|Name||Joseph Smith, Jr.|
Nauvoo, Illinois , United States
|| December 23, 1805
|Died||June 27, 1844
|Last Modifed||Juan Croniqueur|
Nov 29, 2015 03:25am
Assassinated - Freemason - Latter Day Saints (Mormon) -
|Info||Born on December 23, 1805, in Sharon, Vermont, to Joseph and Lucy Mack Smith, Joseph Smith Jr. grew up on a series of tenant farms in Vermont, New Hampshire, and New York. Though in his youth Joseph was largely deprived of a formal education, he was "instructed in reading, writing, and the ground rules of arithmetic."1 Joseph's mother said that he was often "given to meditation and deep study."2 |
Affected by the great religious excitement taking place around his home in Manchester, New York, in 1820, fourteen-year-old Joseph was determined to know which of the many religions he should join. He encountered a passage in the Bible instructing any who lacked wisdom to "ask of God" (James 1:5). Early one morning in the spring of 1820, Joseph went to a secluded woods to ask God which church he should join. According to his account, while praying Joseph was visited by two "personages" who identified themselves as God the Father and Jesus Christ. He was told not to join any of the churches.
In 1823, Joseph Smith said he was visited by an angel named Moroni, who told him of an ancient record containing God's dealings with the former inhabitants of the American continent. In 1827, Joseph retrieved this record, inscribed on thin golden plates, and shortly afterward began translating its words by the "gift of God."3 The resulting manuscript, the Book of Mormon, was published in March 1830. On April 6, 1830, Joseph Smith organized The Church of Jesus Christ of Latter-day Saints and became its first president.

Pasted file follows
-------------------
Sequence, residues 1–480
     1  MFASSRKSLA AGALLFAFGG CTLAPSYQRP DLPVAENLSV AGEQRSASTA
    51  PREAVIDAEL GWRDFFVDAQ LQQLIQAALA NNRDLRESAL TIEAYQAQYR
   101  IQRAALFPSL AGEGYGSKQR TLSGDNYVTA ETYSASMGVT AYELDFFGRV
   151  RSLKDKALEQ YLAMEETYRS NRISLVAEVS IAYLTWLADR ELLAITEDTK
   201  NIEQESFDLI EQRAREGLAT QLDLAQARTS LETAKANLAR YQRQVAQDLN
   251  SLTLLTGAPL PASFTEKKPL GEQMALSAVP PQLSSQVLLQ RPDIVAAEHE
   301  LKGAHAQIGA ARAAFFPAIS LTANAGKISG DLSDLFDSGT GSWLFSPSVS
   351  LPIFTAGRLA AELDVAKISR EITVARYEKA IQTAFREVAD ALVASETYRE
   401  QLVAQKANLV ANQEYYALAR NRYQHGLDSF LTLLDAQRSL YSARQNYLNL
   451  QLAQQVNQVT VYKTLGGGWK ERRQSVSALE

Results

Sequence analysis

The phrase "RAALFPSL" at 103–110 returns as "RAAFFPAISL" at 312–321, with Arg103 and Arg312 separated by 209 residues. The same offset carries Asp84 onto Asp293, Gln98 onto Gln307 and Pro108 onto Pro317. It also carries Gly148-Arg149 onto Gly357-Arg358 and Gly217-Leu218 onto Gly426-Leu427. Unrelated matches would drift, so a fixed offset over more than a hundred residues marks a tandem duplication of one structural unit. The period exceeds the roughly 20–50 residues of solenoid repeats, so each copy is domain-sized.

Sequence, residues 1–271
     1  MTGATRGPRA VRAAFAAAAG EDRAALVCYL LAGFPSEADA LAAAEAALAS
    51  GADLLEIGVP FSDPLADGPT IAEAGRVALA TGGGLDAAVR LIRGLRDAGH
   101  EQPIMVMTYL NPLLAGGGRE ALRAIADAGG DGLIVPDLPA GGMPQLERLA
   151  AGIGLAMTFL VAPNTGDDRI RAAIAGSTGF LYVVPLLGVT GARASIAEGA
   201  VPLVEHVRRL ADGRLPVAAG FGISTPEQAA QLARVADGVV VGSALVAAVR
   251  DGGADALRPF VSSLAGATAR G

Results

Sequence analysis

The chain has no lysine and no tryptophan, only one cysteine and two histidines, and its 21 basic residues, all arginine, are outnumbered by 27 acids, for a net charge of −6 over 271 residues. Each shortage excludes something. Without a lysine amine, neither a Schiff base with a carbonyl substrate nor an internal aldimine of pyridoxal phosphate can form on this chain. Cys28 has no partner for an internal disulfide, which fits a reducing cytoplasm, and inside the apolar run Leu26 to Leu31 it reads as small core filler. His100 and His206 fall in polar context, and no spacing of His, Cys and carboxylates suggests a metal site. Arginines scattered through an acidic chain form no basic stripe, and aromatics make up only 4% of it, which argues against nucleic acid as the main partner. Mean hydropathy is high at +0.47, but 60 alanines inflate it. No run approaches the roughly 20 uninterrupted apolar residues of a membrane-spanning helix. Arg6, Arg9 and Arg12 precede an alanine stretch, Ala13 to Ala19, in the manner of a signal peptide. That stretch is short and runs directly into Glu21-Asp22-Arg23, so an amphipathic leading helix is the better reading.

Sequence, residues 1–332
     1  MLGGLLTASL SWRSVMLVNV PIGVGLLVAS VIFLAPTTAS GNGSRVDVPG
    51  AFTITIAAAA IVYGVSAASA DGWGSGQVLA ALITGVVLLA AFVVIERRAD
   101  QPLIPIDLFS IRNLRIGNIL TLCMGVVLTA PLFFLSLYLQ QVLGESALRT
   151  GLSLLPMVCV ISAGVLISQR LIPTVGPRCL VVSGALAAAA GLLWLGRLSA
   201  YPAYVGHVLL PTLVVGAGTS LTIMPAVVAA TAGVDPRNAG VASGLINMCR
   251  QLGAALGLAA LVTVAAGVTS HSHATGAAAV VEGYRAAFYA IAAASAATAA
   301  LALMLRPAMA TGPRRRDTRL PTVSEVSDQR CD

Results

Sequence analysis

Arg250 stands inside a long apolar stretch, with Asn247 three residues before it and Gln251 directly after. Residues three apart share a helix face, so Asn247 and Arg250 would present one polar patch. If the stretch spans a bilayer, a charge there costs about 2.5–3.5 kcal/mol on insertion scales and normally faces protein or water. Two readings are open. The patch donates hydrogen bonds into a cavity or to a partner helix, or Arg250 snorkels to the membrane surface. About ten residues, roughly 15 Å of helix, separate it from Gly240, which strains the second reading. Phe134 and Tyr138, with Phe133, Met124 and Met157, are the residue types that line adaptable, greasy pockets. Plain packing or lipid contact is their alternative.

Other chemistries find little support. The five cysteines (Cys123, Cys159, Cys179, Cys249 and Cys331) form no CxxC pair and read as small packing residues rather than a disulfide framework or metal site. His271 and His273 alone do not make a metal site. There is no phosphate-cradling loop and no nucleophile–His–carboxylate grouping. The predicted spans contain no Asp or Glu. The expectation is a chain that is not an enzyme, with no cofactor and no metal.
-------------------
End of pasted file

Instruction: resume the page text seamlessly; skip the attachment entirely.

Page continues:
Joseph married Emma Hale on January 18, 1827, and was described as a loving and devoted husband. They had eleven children (two adopted), only five of whom lived past infancy. During the thirty-nine years of his life, Joseph established thriving cities in Ohio, Missouri, and Illinois; produced volumes of scripture; sent missionaries throughout the world; orchestrated the building of temples; served as mayor of Nauvoo, one of the largest cities in Illinois, and as general of its militia, the Nauvoo Legion; and was a candidate for the presidency of the United States. He was a controversial figure in American history�beloved of his followers and hated by his detractors. Joseph was persecuted much of his adult life and was killed along with his brother Hyrum by a mob in Carthage, Illinois, on June 27, 1844.
Vote totals for elections in which was nominated for the Hall of Fame for Great Americans (1900-1965): 1930-0, 1940-1, 1960-1.